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OS 9 on iBook G4 (Findings)


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I'd like to introduce you to my iBook. It was from a school, and needed a lot of attention. I rebuilt it last year. It's a nice little machine, and I have often thought about using it as a distraction free machine for my writing. It's a first generation iBook G4 (PowerBook6,3) with an 800MHz G4 processor.

 

IMG_3960.jpg

 

Say Hello, iBook.

 

However, I always thought about how it would be rather nice to write in Mac OS 9, simply because of its simplicity. I have a Pismo that runs OS 9 rather well, but it's a heavy machine and is nowhere near as small and nimble as the iBook. The problem is that the iBook G4 doesn't run OS 9. I know the most obvious solution would be to find an iBook G3, but I have only come across one iBook G3 in my time, and it had a bad GPU. They're simply not as common as the iBook G4 - at least not in my neck of the woods.

 

I started hacking away at OS 9 to find out just what prevents it from booting.

 

 

 

OS 9 Hard Disk Drivers

 

Apple disabled the ability to format a partition and install OS 9 Drivers on newer hardware. Thankfully, this one is easy to overcome. I connected the iBook in FireWire Target Disk Mode to my PowerBook G3 and formatted the iBook's drive from within Panther on the PowerBook, making sure to check "Install OS 9 Disk Drivers".

 

Once that was done, I connected the iBook G4 in Target Disk Mode to my MacBook Pro running OS X Mavericks and transferred the contents of the OS9General.dmg image (for Power Mac G4 Mirrored Drive Doors machines) to the iBook's hard disk.

 

As always with Classic operating systems, don't forget to make sure the System Folder is blessed.

 

 

 

Mac OS ROM

 

Here's where we start to get our hands dirty. With the iBook still connected to the MacBook Pro, I opened the Mac OS ROM from the OS 9 system folder in Hex Fiend.

 

Be aware that this is written based on the ROM taken from the OS9General.dmg (Mirrored Drive Doors) version. Other versions of the ROM may be different or have different values.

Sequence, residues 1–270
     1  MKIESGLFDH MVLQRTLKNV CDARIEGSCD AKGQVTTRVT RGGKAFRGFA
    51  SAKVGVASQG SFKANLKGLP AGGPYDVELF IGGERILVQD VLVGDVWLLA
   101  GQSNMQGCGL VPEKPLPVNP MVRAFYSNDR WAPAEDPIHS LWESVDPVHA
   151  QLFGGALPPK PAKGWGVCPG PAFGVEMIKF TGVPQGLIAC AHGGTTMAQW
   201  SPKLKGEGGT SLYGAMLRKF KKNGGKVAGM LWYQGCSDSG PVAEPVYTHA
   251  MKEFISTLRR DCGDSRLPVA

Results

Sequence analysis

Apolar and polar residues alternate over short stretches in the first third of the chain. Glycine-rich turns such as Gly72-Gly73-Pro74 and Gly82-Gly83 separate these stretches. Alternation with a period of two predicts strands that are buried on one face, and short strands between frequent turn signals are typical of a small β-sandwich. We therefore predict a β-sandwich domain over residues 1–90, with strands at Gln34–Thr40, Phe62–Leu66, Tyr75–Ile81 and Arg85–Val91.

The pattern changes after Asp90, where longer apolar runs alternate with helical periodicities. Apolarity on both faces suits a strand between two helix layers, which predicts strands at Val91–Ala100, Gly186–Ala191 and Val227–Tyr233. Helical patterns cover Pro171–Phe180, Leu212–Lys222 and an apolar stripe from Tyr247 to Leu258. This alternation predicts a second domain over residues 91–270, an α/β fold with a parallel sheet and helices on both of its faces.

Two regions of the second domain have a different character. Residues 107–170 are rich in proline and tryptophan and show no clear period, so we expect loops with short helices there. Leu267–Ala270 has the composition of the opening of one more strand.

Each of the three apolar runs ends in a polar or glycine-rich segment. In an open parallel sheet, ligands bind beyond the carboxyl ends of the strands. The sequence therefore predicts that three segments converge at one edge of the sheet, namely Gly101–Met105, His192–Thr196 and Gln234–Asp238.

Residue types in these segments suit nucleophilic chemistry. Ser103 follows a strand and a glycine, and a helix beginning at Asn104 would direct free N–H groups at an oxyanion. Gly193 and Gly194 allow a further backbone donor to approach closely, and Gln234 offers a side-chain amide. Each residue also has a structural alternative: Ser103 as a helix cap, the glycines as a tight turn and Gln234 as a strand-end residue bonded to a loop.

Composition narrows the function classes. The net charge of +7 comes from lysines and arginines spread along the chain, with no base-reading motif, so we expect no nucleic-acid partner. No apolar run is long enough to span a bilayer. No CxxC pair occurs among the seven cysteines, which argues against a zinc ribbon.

First thing - and this is important - is to write the byte count down somewhere. If this changes, you will have problems. Of course it will inevitably change since we are adding some data to the ROM, but I'll show you how to correct this further down.

 

Screen_Shot_2014_01_09_at_12_56_23_am_10.jpg

 

 

In the very first line, you will see the "COMPATIBLE" tags. In the case of the Mac OS ROM included with the OS9General.dmg system, there is only one value - MacRISC. In order to make this ROM detectable as a valid bootable system to the iBook (which is a MacRISC3 system), we need to add those as compatible systems. For good measure, I added both MacRISC3 (DDR-based G4s?) and MacRISC4 (G5-based).

 

step1_2.jpg

 

 

Next, you need to scroll down to the tag. You're looking for a line that looks like:

 

   2dup " macrisc" $= r> or >r

 

Immediately after the $gt;r, I added the following (and spaces are important):

 

   2dup " macrisc3" $= r> or >r   2dup " macrisc4" $= r> or >r

 

The idea here is to add those same additional models MacRISC3 and MacRISC4 as we added between the COMPATIBLE tags above, only here they're included in the "2dup" strings.

 

step2_3.jpg

 

 

With these changes, the modified ROM will fail with a Checksum Error. To avoid this, you need to change the abort after checksum error to clear. It's possible another 5-letter command will work here too, but I used clear simply because it works.

 

step3_4.jpg

 

 

Finally, after making the above modifications, the byte count of the ROM will have changed. Scroll down to the closing tag. After this tag is a large number of spaces (represented in hex as zeroes) for unused space in the ROM. Now, remember in the first step that you wrote down the byte count? What I did was delete some of these until the byte count matched exactly what I initially started with. Don't delete large blocks as pictured, delete them one by one. I only highlighted it to show the empty space.